My soccer boys must face a team next week that we angered greatly last week.
We did nothing wrong. Outside of beating them. After the match, they sat on the turf in various stages of disbelief. An older, more experienced team tested and topped by a band of upstarts. It’s a sweet feeling to pull out a win like this.
And now, we must go to their place.
Moments that shape us aren’t limited to wins. Moments of discomfort and fatigue and dismay contribute to that ever-changing DNA of self. No matter what happens next week, the team we will convene as the next day will in part become a result of this match.
My schedule eclipsed my ability to write about the eclipse.
The experience though. It began in line before 6 a.m. in a Shoney’s parking lot. It ended with lots of thoughts and yet no time to write about them. It took equal parts cunning and patience to even get my hands on eclipse glasses for the family to share.
And I don’t know about you parents out there. I felt like we were tons more enthused about this whole event than the younger generation.
And that’s fine. I couldn’t wait for eclipse day when I was a kid. I was a dinosaur/space/NFL nerd then. (And now.) It felt like that pressure our parents put on us as kids when the Peanuts holiday specials came on because we MUST watch this!
I had to go with that opening line, because I’d promised someone I would. I’m glad, though, because this friend suggested it as we talked about how things are going for me now, and it perfectly tells the story.
No, I’m not coming out of the closet.
Not that there’s anything wrong with that. You might have noticed more of a mindful bent on Mondays around here. I can’t help it. Between meditation on Wednesday, yoga on Friday (something old and new), and prayers for world peace on Sundays …
It’s not good when a first-round draft pick in the NFL is known for getting more concussions than championship rings.
That was quarterback David Carr’s reality. The Houston Texans chose Carr, a star at Fresno State, first overall in the 2002 draft. In five brutal seasons behind a makeshift expansion team offensive line, Carr was sacked 249 times. He signed with the Carolina Panthers in 2007.
I had a chance to talk to him about his concussions when I worked for the Greensboro (N.C.) News & Record and Associated Press.
Carr suffered at least three concussions with Houston, and at least one with Carolina. I asked him about the injuries once, and he categorized each hit as distinct from the others. Once, in Tennessee, he said, I took a hit, and sat up and looked around the stadium.
I’m going to tell the team to call me maestro next season, I mentioned to Hayden.
It was in jest, of course. I’d been listening to Mitch Albom’s The Mighty Strings of Frankie Presto. In it, the main character calls his teacher, of course, maestro. Hayden gave me the look. No, she protested.
We could go with guru instead, I offered. They both mean teacher. (I had momentum.)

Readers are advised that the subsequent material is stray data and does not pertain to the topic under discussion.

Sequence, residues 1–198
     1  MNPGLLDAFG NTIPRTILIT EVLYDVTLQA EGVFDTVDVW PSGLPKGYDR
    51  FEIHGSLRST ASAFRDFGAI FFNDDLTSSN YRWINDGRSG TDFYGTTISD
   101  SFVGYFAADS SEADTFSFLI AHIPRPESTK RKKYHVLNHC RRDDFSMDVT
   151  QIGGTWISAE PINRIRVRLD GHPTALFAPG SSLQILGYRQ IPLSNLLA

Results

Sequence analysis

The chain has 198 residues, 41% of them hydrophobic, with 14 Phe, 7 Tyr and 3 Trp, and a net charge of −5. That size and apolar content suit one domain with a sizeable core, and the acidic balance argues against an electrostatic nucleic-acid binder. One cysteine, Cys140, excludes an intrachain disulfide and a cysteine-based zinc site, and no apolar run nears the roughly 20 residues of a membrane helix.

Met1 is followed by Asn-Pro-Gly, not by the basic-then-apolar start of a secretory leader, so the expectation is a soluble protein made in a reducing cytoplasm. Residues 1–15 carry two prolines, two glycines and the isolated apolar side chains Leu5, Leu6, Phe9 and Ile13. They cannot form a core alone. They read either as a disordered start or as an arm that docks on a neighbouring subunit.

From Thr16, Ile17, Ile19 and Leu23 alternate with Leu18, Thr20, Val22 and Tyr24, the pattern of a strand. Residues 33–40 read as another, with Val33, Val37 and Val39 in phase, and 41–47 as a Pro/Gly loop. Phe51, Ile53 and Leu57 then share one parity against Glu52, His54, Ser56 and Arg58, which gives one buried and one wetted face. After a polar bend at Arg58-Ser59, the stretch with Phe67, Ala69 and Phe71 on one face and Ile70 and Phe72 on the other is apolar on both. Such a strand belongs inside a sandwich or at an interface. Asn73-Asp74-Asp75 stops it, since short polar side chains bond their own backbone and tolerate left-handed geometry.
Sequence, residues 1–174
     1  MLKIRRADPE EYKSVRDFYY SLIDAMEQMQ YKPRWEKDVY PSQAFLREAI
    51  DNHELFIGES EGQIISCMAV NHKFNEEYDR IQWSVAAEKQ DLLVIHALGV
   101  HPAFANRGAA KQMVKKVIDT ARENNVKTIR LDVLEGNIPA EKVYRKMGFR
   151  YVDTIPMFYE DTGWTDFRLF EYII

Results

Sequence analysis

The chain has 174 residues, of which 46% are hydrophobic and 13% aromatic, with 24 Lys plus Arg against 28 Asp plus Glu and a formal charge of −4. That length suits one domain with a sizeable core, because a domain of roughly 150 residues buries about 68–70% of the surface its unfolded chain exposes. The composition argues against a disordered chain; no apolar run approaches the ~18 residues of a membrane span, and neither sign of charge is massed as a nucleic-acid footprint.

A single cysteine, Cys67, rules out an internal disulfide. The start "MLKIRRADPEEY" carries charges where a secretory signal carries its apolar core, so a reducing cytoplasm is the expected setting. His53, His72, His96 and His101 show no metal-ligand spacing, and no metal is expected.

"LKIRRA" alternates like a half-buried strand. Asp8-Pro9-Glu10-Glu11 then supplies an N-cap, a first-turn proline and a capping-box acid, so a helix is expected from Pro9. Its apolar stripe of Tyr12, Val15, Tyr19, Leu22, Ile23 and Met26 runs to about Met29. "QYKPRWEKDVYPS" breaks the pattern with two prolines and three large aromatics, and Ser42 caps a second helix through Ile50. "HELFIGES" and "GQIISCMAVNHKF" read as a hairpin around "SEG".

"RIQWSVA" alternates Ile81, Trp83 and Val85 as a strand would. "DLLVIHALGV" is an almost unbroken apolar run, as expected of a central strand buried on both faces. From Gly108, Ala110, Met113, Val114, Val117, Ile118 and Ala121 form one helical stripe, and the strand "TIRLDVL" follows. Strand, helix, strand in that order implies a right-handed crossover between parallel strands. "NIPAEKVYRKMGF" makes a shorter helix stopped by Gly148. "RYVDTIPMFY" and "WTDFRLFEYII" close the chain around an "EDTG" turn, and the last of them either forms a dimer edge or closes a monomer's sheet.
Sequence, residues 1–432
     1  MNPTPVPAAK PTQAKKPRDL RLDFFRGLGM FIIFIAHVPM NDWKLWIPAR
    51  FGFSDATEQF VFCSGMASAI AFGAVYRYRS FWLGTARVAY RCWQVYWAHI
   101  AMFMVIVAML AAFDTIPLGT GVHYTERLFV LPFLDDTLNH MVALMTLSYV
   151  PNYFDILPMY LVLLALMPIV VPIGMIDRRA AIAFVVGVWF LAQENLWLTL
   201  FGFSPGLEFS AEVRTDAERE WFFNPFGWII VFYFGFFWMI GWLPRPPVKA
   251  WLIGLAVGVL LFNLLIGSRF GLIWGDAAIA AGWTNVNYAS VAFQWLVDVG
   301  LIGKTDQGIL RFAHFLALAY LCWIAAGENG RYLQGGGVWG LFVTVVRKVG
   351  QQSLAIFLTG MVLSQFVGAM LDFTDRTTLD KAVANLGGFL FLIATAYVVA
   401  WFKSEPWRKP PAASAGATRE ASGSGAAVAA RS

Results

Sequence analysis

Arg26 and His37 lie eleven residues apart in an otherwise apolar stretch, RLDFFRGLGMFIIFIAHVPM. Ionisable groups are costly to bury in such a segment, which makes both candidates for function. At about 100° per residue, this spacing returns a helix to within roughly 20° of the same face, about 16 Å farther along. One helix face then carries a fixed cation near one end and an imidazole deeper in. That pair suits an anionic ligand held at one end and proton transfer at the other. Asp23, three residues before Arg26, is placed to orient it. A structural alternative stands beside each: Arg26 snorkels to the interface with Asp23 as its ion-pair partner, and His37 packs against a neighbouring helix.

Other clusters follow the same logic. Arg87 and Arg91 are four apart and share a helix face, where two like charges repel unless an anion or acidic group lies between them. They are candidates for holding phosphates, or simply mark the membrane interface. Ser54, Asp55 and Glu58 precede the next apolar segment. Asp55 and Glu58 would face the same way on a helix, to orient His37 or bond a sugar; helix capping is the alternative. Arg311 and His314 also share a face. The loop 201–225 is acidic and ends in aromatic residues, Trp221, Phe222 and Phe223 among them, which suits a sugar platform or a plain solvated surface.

If you do, I’ll tell the school that you did something awful that you didn’t really do, Hayden threatened. And they’ll have to fire you. This, incidentally, ended the conversation. No maestro. No guru. Just coach, and I’m grateful to have that!
(If she finds out her game’s been cancelled while her sister’s wearing her pants and we’re out of cheese? Well, ever kicked a hornet’s nest?) No, the five-word string I mutter at times that nearly 100% sets them through the roof like bull sharks after tourists is:
Kids are busy, though. There are church camps and chicken fajitas with friends in restaurants way past the dinner rush. There’s a whole day spent with a friend from school, laying out at the pool and baking chocolate chip cookies.
Kids my kids’ age don’t have time to pretend anymore.
So I will. My friends at Uncommon Goods have the coolest stuff you could possibly get your dad (outside of one of those sweet Rockies jerseys.) Uncommon Goods has some uncommon traits going for them as a company, too, in an effort for sustainability.
Our couch has endured sleeping, chocolate, pizza sauce, snow, mud, cats, kids, and more.
It’s more than one couch. Our couches have more incarnations than The Doctor. They endure everything short of locusts, by all accounts. The damn thing will stay until it collapses on itself like that house at the end of Poltergeist.
But, that’s how we do things.
We wear clothes until they fall off our shoulders. We squeeze every molecule of Polynesian dressing out of the tubs we procure from Chick-fil-A (they’re so friendly there, they don’t stop my girls from asking for 17 packets of sauce for a six-pack of nuggets.)
Like, red in the Colorado flag, to symbolize the state’s red soil. Or the Mandala, to stand for eternal harmony. Or even a blue star on the side of a silver helmet. This stands for a team allergic to playoff victories.
Symbolism isn’t lost on me in the kitchen, either.
Here’s the recipe for my Brown and White Sugar Waffles. They’re representative of my children, actually, part brown like dad, half white, like mom. In perfect harmony, ironed to light and crispy perfection, with a hint of vanilla.